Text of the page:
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A drug which can be used to treat advanced cancer, giving sufferers the chance to extend their lives, has been rejected for use on the NHS by The National Institute for Health and Clinical Excellence (NICE).
Oral Tyverb (lapatinib), when used in combination with capecitabine, has been found by manufacturer GSK to offer a significant extension to life.
In July this year, NICE’s Appeal Panel requested that the Appraisal Committee reconsider their recommendations for the drug, under NICE’s end of life (EOL) criteria.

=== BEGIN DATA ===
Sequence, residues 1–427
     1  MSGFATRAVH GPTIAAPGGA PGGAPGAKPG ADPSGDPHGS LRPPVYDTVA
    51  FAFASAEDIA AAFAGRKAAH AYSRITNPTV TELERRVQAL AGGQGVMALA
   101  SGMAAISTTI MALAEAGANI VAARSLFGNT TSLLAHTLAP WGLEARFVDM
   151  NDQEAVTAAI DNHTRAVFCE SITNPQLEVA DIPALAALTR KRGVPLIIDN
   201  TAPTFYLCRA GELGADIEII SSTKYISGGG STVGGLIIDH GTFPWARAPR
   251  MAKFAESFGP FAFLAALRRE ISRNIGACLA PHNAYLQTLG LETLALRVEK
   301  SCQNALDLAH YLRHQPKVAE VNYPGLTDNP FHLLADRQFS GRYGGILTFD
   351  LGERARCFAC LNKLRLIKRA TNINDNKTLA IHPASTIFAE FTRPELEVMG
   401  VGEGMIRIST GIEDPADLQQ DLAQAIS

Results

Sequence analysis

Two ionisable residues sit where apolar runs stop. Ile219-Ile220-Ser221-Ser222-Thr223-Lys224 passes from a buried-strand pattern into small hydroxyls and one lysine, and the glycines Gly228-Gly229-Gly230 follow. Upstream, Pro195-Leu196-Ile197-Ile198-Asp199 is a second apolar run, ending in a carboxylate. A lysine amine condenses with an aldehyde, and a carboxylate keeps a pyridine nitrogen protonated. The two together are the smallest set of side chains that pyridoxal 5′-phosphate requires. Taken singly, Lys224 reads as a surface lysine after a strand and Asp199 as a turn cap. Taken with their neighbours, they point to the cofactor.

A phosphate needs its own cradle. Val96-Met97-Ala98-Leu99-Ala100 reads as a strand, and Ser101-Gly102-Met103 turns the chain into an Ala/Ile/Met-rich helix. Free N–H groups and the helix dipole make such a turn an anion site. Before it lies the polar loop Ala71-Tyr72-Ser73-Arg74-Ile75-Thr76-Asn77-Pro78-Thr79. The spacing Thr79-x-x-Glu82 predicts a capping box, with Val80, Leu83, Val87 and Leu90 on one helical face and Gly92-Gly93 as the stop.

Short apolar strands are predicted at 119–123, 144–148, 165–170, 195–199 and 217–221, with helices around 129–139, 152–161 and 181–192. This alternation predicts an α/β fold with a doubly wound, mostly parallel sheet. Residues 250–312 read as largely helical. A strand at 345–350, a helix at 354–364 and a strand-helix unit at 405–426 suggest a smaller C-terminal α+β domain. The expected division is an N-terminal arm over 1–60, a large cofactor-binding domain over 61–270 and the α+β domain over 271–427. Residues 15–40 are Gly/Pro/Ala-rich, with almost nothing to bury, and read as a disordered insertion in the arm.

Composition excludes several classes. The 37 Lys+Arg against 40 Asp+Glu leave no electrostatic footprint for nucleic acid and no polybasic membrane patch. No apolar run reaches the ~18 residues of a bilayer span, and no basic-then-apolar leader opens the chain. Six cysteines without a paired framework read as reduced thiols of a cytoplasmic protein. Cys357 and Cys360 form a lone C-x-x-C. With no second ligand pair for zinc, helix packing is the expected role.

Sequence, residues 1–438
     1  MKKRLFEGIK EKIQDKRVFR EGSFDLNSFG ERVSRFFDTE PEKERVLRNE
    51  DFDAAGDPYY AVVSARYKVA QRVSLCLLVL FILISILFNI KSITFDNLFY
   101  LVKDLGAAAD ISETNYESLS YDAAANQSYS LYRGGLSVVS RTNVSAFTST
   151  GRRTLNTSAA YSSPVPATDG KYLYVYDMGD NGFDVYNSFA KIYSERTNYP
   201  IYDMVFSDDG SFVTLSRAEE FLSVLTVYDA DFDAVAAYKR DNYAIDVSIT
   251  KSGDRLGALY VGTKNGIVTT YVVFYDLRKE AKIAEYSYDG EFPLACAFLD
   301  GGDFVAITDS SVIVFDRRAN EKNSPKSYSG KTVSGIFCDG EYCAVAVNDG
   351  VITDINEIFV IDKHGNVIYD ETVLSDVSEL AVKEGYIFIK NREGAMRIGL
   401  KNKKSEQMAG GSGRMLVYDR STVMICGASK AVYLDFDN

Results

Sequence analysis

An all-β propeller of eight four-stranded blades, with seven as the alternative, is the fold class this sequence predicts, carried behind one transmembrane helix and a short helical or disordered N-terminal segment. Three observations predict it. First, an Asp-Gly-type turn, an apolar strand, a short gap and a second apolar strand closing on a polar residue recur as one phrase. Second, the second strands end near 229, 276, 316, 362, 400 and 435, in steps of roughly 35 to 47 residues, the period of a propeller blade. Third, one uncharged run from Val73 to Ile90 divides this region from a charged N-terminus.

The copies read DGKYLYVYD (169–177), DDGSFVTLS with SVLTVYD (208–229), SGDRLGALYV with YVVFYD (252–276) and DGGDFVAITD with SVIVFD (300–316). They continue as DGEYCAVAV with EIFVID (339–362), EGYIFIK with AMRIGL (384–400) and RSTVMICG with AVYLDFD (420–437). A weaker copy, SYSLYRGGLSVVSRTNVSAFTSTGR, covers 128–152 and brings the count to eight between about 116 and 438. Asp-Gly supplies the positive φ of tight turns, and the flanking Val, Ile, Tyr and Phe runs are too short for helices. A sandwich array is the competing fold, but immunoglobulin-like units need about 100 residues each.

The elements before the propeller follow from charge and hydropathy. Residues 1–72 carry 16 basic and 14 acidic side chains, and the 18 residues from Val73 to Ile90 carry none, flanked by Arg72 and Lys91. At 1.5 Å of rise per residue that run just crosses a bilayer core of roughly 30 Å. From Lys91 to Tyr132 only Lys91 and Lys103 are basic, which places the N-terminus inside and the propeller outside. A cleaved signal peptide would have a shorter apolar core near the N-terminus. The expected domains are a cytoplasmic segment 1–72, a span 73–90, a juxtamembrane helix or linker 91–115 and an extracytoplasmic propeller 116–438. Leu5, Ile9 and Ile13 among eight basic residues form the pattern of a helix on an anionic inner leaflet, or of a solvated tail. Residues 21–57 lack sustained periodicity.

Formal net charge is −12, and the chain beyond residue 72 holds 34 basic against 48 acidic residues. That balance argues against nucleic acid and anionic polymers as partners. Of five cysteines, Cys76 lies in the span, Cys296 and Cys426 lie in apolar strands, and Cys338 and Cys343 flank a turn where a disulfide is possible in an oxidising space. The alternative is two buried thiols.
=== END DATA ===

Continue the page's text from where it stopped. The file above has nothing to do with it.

The EOL criteria was developed specifically to help patients who only have a short time left to live to gain access to medicines that could extend their lives. GSK submitted data showing that lapatinib met these criteria.
However, although the panel recognised that lapatinab could offer a significant extension to life, they said it was not a cost-effective use of NHS resources.
Dr Alison Jones, Oncologist at University College London Hospital and the Royal Free Hospital said: “I am disappointed for all the women who would have benefited from lapatinib on the NHS. I have witnessed myself that lapatinib can extend the lives of these women. We are now left with very few effective treatment options in cases where Herceptin has stopped working.”
Copyright Press Association 2009
National Institute for Health and Clinical Excellence